Wednesday, December 24, 2008

Best Christmas Gift Ever

So, because I'm a materialistic heathen, I'm going to write about one of my favorite Christmas pressies instead of the joy and love of the season. Yeah!!! I'm like that.

When I was about 8 years old, Cabbage Patch Kids emerged on the scene. And oh holy crap did I need to have one. I neeeeeeeeeeeeeeded one. To add extra pain, my friend, Mandy, had one called Joelle Alicia or something like that. She had blond/brown hair and blue eyes and she wore a yellow dress with white shoes. Not that those details were at all important enough for me to remember 20+ years later.

Obviously, if Mandy had one, I needed one, too. The yearning was unbearable. Torturous. Excruciating. All I ever wanted in life was to become the mother of a baby born in a cabbage. And I was not shy about telling my parents this. I was only shy around other people--my parents and brother saw the true, far more obnoxious, me. So I asked and pleaded time and again for a baby birthed in leafy vegetables.

At one point, my mom suggested that I pray to God for one, because God has a way of answering prayers. Hm. Interesting strategy, I thought. So I tried it, to no avail. I prayed for days and days but no ugly-but-cute nylon doll showed up. Not ever. Things were getting desperate. So I thought about it and decided these times called for strategy as desperate as the need I felt. I decided to use the God Card. I mean, hey. Mom started it, so it was totally justified that I use it, too.

The plot unfurled. I approached my mom one night while she was preparing dinner. I specifically remember looking at the stove while I unleashed my strategy--the top of the stove came up to about my mouth--I was shorter then, you see. Here's what I said: "Mom, I have been praying and praying so hard for a Cabbage Patch Kid, but God STILL hasn't given me one. Why not?" So innocent. So sweet. So conniving.

Mom suggested that I just keep trying, that sometimes it takes awhile. Hmph. God was playing the 'be patient' card, eh? And Mom had a dodge for my strategy. No good.

But then. Not too long later, my grandparents were visiting and I was across the street playing with Mandy. Probably with her treasured Cabbage Patch Kid. Oh, the jealousy. My brother came to find me to tell me that my parents wanted to talk to me.

Yulp. That couldn't be good. They didn't interrupt my play for nothing, so as I walked home, I ran through a list of potential offenses that could be at root of my imminent punishment. I walked in the front door, and there was Mom and Dad with my grandparents. In the room was a big garbage bag. Mom told me that I was getting an early Christmas present (it was probably late summer/early fall), and that it was in the garbage bag.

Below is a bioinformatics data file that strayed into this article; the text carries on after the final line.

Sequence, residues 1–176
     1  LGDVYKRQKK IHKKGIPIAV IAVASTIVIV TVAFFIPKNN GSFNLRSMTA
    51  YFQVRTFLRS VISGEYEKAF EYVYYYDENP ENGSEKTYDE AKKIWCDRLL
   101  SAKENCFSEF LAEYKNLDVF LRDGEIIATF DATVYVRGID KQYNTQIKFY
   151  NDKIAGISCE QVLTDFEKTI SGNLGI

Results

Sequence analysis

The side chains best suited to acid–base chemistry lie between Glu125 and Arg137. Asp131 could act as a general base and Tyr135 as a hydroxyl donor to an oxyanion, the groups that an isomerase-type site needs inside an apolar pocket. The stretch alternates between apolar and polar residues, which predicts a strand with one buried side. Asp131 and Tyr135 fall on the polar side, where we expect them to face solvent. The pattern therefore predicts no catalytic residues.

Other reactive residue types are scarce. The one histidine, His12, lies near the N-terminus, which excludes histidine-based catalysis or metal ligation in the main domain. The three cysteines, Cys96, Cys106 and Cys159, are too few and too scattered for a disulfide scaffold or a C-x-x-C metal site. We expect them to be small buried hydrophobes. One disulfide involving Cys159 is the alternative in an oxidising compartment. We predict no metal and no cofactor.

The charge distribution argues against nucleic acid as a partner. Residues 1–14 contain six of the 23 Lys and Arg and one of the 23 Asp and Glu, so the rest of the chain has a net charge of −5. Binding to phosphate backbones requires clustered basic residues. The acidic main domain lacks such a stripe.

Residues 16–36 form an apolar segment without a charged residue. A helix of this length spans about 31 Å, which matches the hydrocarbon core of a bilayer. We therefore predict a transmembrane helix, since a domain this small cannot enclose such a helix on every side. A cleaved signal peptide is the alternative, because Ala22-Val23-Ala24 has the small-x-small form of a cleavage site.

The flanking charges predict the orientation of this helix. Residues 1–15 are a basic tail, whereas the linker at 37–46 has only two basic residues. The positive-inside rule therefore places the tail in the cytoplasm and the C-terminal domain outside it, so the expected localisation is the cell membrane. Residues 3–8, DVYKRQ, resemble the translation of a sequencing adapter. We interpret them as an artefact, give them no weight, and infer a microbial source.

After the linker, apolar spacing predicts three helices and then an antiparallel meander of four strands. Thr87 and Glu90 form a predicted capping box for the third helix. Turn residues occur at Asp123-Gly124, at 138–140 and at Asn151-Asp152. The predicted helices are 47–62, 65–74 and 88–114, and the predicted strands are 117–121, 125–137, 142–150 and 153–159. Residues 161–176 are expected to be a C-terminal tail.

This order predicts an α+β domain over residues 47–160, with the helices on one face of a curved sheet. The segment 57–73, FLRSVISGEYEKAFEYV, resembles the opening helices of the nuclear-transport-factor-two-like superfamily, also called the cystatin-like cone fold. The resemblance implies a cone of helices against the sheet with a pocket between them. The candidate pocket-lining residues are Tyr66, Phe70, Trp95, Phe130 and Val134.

You can guess what happened next. I got Danya Karlotta, who had red hair, green eyes, and wore a pink knit dress with white shoes. I nearly peed my pants from joy. And it turns out, it was my little plot that had made it all happen. Mom and Dad decided they didn't want me to drift into atheism just because God didn't get me my Cabbage Patch Kid, so they took immediate action and gave me the doll. Sweeeeeeeeeet. They chose not to tell me that till later, and similarly I did not confess my little strategy until after I was an adult. We all lived in blissful ignorance that we had outsmarted one another.

And I got a Cabbage Patch Kid (the first of three, actually). And that year, on Christmas Day, I got a whole bunch of homemade clothes for her. Life was good.

Sunday, December 21, 2008

Another sappy cynic agrees with me.

Found this NY Times article that delves into the complicated feelings about It's a Wonderful Life. I'm glad I'm not the only one.

Wednesday, December 17, 2008

Wonderful Life?

So, I'm finally getting around to watching It's a Wonderful Life this year. I'm a strange combination of cynical and sappy, so this movie makes my brain hurt. I can't decide how to feel about it. Do I love that the end shows how important a person can be without fully realizing it--and that being important doesn't involve doing anything grandiose? Or do I hate that it ends with George still never getting to follow his dreams of traveling and architecture?

That's the thing for me. I think everyone should be able to follow their own dream, but that would all too often mean that no one is taking care of anyone. We'd all be so focused on ourselves that those in need would be crushed under our self-centered weight. So that means that someone has to be the one to do the propping up, the taking care of, the seeing to, the watching over. And while I suppose that might be someone's 'dream,' I think it's fair to say that's rare. So that means a lot of people are living George Bailey's life instead of Harry Bailey's. Only who knows how many are ever going to at least get the thanks that George got?

I don't know what any of that really means. I can't in good conscience ask the George Baileys to stop the propping up, but I can no more ask them to sacrifice any dream they sacrificed to make it happen. Where does that leave us?

I guess it leaves me lucky that I've been able to follow most all my own dreams--traveling abroad, becoming a professor, etc. I'm Harry Bailey.

Saturday, December 6, 2008

Top Ten Memories of Grandpa Fisher (in no particular order).

10) The fact that he called Happy Joe's pizza "Slappy Ho's." My brother and I aren't sure if he realized how sexual that sounded...or if he just got a kick out of it enough that he took the risk of us figuring it out. Probably the latter.